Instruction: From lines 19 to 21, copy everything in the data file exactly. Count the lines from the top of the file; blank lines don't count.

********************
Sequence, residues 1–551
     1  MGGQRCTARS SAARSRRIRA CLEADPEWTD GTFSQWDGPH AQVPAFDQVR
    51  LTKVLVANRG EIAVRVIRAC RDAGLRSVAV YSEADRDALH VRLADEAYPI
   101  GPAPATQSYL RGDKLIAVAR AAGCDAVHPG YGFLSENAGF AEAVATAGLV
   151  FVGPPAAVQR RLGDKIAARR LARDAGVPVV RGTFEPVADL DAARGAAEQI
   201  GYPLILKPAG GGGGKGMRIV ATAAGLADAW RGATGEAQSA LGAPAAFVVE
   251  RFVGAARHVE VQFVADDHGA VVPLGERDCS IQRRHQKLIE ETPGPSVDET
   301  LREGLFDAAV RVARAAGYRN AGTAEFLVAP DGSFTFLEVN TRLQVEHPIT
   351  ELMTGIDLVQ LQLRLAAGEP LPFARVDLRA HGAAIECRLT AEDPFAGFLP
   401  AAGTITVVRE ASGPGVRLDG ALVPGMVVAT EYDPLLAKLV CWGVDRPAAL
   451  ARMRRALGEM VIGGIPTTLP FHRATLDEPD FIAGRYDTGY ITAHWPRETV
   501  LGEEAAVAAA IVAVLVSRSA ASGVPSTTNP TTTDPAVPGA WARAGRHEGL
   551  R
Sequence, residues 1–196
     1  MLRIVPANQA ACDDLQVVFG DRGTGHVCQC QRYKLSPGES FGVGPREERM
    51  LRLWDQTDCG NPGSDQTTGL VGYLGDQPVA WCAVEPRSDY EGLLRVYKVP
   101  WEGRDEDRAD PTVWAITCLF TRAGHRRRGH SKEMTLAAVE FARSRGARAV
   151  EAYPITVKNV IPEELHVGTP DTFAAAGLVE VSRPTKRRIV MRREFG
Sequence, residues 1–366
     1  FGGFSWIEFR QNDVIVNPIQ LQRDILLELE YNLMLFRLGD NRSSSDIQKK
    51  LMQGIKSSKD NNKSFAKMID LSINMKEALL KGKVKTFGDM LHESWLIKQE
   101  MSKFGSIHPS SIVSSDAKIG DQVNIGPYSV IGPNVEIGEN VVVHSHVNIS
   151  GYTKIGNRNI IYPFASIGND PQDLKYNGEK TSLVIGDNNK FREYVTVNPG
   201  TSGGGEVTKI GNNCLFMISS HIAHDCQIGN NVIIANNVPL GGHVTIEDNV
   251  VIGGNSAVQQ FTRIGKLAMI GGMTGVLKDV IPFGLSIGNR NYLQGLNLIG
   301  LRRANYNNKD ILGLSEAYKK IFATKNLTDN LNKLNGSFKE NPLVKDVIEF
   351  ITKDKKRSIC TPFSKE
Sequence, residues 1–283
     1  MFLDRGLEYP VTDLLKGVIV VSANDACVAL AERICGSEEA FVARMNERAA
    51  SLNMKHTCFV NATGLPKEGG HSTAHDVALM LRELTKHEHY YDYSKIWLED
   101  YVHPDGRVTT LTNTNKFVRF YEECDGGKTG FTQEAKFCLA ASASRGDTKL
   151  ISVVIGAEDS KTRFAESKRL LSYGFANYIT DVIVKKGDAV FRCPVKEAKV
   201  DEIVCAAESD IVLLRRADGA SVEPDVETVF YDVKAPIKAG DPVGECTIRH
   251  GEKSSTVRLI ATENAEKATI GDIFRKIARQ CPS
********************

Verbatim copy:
Sequence, residues 1–366
     1  FGGFSWIEFR QNDVIVNPIQ LQRDILLELE YNLMLFRLGD NRSSSDIQKK
    51  LMQGIKSSKD NNKSFAKMID LSINMKEALL KGKVKTFGDM LHESWLIKQE